Users will also need to clean up after their pet when it goes to the toilet and give it medicine if it becomes sick, functions which can be accessed by selecting icons on the user interface. Managing all of these needs effectively leads to a better-behaved, more attractive and longer-lived pet. From the original Tamagotchi instruction manual: ‘If you keep Tamagotchi full and happy, it will grow into a cute, happy cyber creature. If you neglect Tamagotchi, it will grow into an unattractive alien.’

The core interaction loop of Tamagotchi involves short, regular play sessions designed to maintain player engagement over time. This model of interaction can be seen in many mobile games today, particularly those that use an ‘energy’ meter to restrict simultaneous user actions and encourage regular repeated actions. Tamagotchi enforces this model with bleeping sounds emitted whenever one of its needs requires attention; a good Tamagotchi owner must be attentive to the vocalisations of their virtual pet.

This system, too, can be seen in many of today’s mobile apps, which use ‘push notifications’ to remind us of important app information and to bring our attention back to the app in question. In 1996, however, this was a unique feature, and this persistence gave Tamagotchi much of the appeal that led to record levels of user engagement.

Social factors

Tamagotchi is widely considered to be the original virtual pet; at launch in 1996 it was marketed as “the original virtual reality pet.” While it was in fact predated by some PC franchises including Petz (1995) and Creatures (1996), the portable, persistent nature of Tamagotchi distanced it from prior desktop-based software and its instant market success set the template for virtual pet design to this day.

Reports state that the the virtual pet sold out almost immediately upon launch in all countries, both due to genuine demand for the product but also due to a distribution strategy by publisher Bandai, who allegedly held back orders of certain models in order to create a sense of rarity and drive consumers into a frenzy. This ‘artificial scarcity’ model was relatively new for children’s toys at the time, and was so successful in generating buzz for Tamagotchi that similar sales tactics have survived to today. Most recently, Nintendo have been accused of creating artificial scarcity to drive sales of their popular Amiibo line of toys-to-life figurines.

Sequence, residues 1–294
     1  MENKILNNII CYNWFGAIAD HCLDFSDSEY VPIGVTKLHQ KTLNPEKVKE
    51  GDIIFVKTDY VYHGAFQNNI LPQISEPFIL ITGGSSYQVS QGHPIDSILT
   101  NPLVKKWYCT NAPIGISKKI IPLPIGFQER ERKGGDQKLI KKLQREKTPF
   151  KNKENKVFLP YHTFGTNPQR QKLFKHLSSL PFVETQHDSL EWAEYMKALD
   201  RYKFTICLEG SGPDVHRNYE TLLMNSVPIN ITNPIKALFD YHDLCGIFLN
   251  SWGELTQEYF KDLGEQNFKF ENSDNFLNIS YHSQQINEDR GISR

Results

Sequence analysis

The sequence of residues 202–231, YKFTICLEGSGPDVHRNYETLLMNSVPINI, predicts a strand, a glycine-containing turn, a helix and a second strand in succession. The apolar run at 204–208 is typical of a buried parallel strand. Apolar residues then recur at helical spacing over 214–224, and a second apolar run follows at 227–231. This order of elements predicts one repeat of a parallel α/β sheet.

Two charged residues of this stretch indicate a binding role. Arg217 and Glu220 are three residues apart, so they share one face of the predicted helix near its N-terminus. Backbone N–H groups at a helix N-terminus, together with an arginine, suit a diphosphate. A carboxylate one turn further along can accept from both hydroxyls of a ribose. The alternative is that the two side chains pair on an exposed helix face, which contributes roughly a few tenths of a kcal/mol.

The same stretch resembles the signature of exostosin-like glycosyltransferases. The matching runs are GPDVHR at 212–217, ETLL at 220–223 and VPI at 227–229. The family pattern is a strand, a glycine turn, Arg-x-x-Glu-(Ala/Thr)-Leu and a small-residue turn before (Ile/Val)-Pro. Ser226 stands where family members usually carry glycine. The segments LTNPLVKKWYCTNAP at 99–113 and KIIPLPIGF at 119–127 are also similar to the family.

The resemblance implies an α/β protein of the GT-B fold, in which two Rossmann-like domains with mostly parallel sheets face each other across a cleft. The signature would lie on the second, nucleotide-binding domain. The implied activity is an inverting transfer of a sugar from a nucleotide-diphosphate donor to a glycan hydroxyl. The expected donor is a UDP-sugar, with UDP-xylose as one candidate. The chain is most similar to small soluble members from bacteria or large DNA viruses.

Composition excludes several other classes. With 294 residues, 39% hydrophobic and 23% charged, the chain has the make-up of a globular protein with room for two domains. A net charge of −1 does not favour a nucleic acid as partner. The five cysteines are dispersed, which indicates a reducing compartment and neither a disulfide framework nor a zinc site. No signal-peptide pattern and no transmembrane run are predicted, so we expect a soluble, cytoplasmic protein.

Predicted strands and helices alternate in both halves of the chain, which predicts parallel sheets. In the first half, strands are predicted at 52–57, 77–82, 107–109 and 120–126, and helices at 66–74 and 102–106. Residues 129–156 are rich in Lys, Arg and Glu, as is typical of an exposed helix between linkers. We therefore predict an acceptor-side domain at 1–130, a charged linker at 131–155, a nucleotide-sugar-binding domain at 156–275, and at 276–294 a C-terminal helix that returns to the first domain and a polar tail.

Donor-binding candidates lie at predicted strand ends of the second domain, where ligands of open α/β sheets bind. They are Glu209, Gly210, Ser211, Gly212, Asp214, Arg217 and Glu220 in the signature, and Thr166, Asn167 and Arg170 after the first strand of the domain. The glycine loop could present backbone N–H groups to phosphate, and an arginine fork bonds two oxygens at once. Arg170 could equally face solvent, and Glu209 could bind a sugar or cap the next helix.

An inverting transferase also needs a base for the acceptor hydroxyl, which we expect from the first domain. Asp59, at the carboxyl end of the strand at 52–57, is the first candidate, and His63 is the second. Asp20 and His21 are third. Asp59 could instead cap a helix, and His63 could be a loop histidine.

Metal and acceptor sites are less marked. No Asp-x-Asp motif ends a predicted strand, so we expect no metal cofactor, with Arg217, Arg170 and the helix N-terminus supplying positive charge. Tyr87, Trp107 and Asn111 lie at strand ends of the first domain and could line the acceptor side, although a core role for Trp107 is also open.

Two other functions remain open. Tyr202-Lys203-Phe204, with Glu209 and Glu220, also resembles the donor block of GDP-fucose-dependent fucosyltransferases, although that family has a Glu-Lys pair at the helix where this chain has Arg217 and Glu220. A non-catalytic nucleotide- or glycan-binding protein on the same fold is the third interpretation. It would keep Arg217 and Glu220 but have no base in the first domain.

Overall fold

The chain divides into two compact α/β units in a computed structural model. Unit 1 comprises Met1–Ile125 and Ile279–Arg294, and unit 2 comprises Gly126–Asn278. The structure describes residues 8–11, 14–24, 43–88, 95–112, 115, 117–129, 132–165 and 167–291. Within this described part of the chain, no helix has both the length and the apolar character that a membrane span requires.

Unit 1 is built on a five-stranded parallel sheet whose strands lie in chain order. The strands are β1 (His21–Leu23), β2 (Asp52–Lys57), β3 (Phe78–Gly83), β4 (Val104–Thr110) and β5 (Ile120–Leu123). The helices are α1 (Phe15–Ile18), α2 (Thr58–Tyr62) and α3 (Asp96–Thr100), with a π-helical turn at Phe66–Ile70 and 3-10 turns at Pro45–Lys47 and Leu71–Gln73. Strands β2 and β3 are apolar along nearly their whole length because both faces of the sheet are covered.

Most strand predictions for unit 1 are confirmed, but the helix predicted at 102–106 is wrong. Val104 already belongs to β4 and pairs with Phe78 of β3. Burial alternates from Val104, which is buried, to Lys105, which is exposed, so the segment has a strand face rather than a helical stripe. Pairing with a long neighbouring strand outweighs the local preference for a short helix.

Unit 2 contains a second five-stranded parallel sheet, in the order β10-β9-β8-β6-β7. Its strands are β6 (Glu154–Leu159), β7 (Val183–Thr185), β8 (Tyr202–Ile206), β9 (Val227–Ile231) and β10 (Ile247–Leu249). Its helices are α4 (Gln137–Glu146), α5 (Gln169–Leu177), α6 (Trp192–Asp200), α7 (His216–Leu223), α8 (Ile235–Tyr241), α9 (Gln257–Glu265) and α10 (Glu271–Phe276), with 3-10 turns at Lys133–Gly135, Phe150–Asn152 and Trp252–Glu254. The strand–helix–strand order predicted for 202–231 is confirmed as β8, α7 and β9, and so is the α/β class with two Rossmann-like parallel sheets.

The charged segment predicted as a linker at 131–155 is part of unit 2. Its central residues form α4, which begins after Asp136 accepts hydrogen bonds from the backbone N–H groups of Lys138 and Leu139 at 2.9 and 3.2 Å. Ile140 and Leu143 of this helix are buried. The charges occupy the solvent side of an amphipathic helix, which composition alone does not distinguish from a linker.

This evolution chart from a later generation of Tamagotchi shows how the system has grown more complex through each iteration.

This evolution chart from a later generation of Tamagotchi shows how the system has grown more complex through each iteration.

Through a combination of clever marketing and genuine consumer interest the Tamagotchi line was phenomenally successful at launch, and has remained so to this day, with subsequent generations of Tamagotchi running all the way up to 2013 and appearing on platforms including PC, Playstation, Nintendo handhelds and iPhone.

People became genuinely attached to their virtual pets, with many stories circulating of children being barred from school for playing with their Tamagotchi, and adults being caught at work being distracted by the device. This article from VICE does a good job of highlighting why people found the devices so engaging, and the level of attachment some people had for their virtual pet.

Certainly some of Tamagotchi’s enduring success can be put down to novelty; the original model launched in a time before mobile phones were ubiquitous, when owning a persistent interactive digital device was largely unheard of. Samp suggests that the form factor of the device itself, a plastic shell that could perceivable be said to contain a creature, gave it an appeal greater than the desktop-based virtual pets of the time, which had to share screen real estate with word-processing software and early internet browsers.

Today, the mobile app market is filled with software that emulates and iterates on the design of Tamagotchi, including versions of Tamagotchi itself. None, however, has seen the kind of success experienced by the original Tamagotchi. And while Tamagotchi itself has remained popular, it has never seen the fever surrounding its 1996 launch repeated.

This would suggest that the overwhelming success of the original Tamagotchi has much to do with societal factors at the time of launch, and as time has gone on, a string of imitators coupled with the ubiquity of mobile software has erased the novelty of the handheld virtual pet. The Tamagotchi craze, then, is likely to remain a one-off event, and modern virtual pets won’t be able to rely on the same novelty to achieve success. It is undeniable, however, that Tamagotchi set the scene for the entire virtual pet market, with design elements featured in the very first models still being very much a part of virtual pet design to this day.

Share this post.